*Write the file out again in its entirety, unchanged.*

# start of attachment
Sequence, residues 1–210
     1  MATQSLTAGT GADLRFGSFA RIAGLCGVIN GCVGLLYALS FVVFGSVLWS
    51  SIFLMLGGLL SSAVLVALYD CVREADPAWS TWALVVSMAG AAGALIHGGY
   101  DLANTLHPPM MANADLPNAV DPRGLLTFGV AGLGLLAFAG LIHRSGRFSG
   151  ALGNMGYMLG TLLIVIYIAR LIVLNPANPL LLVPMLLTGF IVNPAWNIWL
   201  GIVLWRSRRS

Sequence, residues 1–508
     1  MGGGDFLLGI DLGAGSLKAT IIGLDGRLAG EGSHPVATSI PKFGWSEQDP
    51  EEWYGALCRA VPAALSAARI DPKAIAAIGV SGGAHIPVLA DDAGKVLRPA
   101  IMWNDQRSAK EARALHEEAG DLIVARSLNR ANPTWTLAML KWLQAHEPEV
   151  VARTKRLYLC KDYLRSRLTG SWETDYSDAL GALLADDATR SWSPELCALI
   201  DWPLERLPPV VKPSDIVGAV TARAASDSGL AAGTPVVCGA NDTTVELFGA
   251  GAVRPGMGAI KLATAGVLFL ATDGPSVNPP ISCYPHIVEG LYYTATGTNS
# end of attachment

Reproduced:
Sequence, residues 1–210
     1  MATQSLTAGT GADLRFGSFA RIAGLCGVIN GCVGLLYALS FVVFGSVLWS
    51  SIFLMLGGLL SSAVLVALYD CVREADPAWS TWALVVSMAG AAGALIHGGY
   101  DLANTLHPPM MANADLPNAV DPRGLLTFGV AGLGLLAFAG LIHRSGRFSG
   151  ALGNMGYMLG TLLIVIYIAR LIVLNPANPL LLVPMLLTGF IVNPAWNIWL
   201  GIVLWRSRRS

Sequence, residues 1–508
     1  MGGGDFLLGI DLGAGSLKAT IIGLDGRLAG EGSHPVATSI PKFGWSEQDP
    51  EEWYGALCRA VPAALSAARI DPKAIAAIGV SGGAHIPVLA DDAGKVLRPA
   101  IMWNDQRSAK EARALHEEAG DLIVARSLNR ANPTWTLAML KWLQAHEPEV
   151  VARTKRLYLC KDYLRSRLTG SWETDYSDAL GALLADDATR SWSPELCALI
   201  DWPLERLPPV VKPSDIVGAV TARAASDSGL AAGTPVVCGA NDTTVELFGA
   251  GAVRPGMGAI KLATAGVLFL ATDGPSVNPP ISCYPHIVEG LYYTATGTNS